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YouTube launches UK Politics Channel

January 21st 2008: YouTube today announces the launch of the UK Politics Channel www.youtube.com/ukpolitics.

The new channel draws together content from political parties’ own YouTube channels to create a central resource where users can easily find online political content. The UK Politics Channel also gives users the opportunity to express their views on the issues which matter to them by posting their own video responses.

Commenting on the launch of the UK Politics Channel, Steve Grove, YouTube News and Politics Editor, said:

“YouTube Politics empowers, educates and connects voters and politicians in a way that was not possible before the emergence of online video. With the UK politics channel, everyday people can express their views, ask questions and be heard, while those in office can gain visibility for their message and showcase their personality.

“We are delighted to see that these UK parties are on YouTube and eagerly anticipate the direct dialogue around British politics.”

In a message on the new site, filmed to welcome its launch, the Prime Minister Gordon Brown said:

“This new YouTube channel gives a new generation the chance to have your voice heard on the issues you care about. And it gives political parties the chance to engage people who care about the world around them but have not become active in party politics. I think it’s an excellent innovation. I hope thousands of young British people will take advantage.”

Mr Brown ended by saying:

“The Internet has been the great force of the last decade for transforming political campaigning, and for opening up democracy. And this YouTube channel is another step on this important path.”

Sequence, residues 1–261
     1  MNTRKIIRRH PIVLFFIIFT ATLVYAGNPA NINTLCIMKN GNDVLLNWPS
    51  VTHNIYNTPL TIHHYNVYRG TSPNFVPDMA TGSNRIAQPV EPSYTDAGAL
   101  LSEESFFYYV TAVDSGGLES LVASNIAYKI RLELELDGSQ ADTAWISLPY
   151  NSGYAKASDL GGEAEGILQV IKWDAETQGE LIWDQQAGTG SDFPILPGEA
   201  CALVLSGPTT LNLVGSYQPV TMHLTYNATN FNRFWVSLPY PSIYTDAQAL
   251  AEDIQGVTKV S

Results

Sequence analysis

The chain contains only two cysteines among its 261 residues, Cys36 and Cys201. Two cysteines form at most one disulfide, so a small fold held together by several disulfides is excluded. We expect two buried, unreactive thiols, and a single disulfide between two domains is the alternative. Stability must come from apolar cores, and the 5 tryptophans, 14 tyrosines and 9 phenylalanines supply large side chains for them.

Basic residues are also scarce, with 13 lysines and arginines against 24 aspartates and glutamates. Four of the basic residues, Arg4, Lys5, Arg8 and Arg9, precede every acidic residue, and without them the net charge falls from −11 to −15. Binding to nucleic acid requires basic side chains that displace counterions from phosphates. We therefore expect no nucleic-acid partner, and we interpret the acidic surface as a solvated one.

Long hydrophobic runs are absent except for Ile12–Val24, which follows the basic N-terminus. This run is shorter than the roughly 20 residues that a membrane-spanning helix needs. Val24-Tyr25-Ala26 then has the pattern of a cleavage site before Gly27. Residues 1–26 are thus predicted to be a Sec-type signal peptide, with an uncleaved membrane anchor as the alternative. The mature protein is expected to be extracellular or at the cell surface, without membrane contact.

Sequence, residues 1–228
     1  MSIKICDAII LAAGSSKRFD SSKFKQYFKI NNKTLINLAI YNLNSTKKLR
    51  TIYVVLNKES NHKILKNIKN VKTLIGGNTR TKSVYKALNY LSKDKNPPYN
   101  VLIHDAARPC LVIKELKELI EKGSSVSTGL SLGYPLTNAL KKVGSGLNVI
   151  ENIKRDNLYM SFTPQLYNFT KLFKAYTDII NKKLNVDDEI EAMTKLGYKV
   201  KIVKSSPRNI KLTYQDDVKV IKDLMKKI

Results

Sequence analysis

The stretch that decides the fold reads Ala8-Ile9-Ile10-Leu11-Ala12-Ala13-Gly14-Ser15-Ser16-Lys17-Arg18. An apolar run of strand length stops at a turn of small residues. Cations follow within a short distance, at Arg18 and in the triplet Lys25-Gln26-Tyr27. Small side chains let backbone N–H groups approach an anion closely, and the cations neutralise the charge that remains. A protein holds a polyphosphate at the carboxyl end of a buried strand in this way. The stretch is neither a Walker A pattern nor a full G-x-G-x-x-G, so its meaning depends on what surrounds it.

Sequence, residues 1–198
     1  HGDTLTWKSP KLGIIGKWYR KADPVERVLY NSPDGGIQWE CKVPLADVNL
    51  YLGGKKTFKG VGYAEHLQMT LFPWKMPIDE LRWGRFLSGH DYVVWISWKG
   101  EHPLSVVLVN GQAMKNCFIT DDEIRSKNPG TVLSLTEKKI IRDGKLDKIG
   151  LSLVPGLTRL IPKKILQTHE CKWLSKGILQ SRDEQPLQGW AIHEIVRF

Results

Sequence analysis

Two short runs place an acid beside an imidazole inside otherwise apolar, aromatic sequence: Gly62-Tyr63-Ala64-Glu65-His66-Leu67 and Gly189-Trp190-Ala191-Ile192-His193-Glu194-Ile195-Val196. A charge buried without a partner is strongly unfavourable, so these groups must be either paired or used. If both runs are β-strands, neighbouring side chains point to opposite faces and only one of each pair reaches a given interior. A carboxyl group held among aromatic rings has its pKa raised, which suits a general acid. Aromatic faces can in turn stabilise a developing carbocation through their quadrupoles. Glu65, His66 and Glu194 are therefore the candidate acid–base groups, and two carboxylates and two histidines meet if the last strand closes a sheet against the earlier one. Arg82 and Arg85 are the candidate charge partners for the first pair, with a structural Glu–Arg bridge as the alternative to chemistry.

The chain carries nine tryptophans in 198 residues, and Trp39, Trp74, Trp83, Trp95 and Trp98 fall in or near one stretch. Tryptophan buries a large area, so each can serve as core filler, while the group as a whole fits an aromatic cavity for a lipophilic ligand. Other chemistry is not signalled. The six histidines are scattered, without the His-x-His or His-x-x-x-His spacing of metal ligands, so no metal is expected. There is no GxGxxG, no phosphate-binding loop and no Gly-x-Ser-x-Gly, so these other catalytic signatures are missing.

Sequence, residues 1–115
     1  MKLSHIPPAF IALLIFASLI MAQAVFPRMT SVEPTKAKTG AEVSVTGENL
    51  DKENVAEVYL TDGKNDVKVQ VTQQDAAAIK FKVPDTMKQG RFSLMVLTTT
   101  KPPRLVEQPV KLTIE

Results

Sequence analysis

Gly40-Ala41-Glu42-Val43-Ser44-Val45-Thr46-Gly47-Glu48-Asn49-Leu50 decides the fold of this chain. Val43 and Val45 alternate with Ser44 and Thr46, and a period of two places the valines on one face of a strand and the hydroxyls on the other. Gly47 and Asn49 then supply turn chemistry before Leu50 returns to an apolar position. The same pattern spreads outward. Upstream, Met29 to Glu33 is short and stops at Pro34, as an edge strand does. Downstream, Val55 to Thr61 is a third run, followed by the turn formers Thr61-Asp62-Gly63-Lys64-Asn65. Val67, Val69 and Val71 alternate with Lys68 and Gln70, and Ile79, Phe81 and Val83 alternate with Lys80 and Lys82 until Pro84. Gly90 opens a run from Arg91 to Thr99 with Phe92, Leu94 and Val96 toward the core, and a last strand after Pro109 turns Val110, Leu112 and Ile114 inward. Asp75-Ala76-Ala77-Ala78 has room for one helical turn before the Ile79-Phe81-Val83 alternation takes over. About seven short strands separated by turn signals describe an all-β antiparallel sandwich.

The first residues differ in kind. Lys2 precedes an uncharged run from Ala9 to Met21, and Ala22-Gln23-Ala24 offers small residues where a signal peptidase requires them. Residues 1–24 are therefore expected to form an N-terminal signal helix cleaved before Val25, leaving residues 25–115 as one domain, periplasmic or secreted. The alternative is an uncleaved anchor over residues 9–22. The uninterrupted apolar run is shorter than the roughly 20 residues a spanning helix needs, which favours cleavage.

Leader of the Conservative Party David Cameron also welcomed the launch, saying:

“I’m delighted YouTube has set up this channel.

“Today more and more people are getting their view of the world this way: direct, unmediated communication – information straight from the source. In the 21st century we don’t have to rely on the large central organisations – governments and corporations and big media – to get our information.

“We rely, more and more, on each other: on the informal networks, global and local, which allow us to communicate freely and learn from each other without Big Brother interfering every moment.

“So I wish this channel every success and I look forward to seeing other politicians’ videos from around the world.”

Leader of the Liberal Democrats Nick Clegg said:

“Politicians could learn a lot from the whole ethos of YouTube, where everyone has a voice, and an equal stake. It shows what people can achieve when they’re given space and opportunity.

“This is a great opportunity for politicians of all parties to communicate directly with people throughout the world.

“Instead of expecting people to come to us, we need to go where people already are – including public spaces on the internet like YouTube. If we want to get more people – particularly young people – involved in politics then initiatives like this are absolutely vital. Unlike conventional broadcasting, we can also get instant feedback from real people, which is really exciting.”

The UK Politics Channel follows the launch last year of YouTube YouChoose ’08, a channel dedicated to the campaigns of the US presidential candidates, and the YouTube/CNN debates in the US – the first ever voter-generated primaries, where all of the questions were submitted as short videos posted to YouTube.

Other ways to get information about politics

Accompanying the launch of the YouTube UK Politics Channel today, Google is launching a number of gadgets. The gadgets are mini-applications which can be downloaded onto your iGoogle page.

The gadgets allow you to keep up with the latest political news, trends and videos, as well as MPs’ recent appearances and debates in Parliament through a gadget created by the charitable group mySociety based on their TheyWorkForYou.com website.

Download the gadgets here: www.google.co.uk/politics

For further information, please call the press office on 020 7031 3130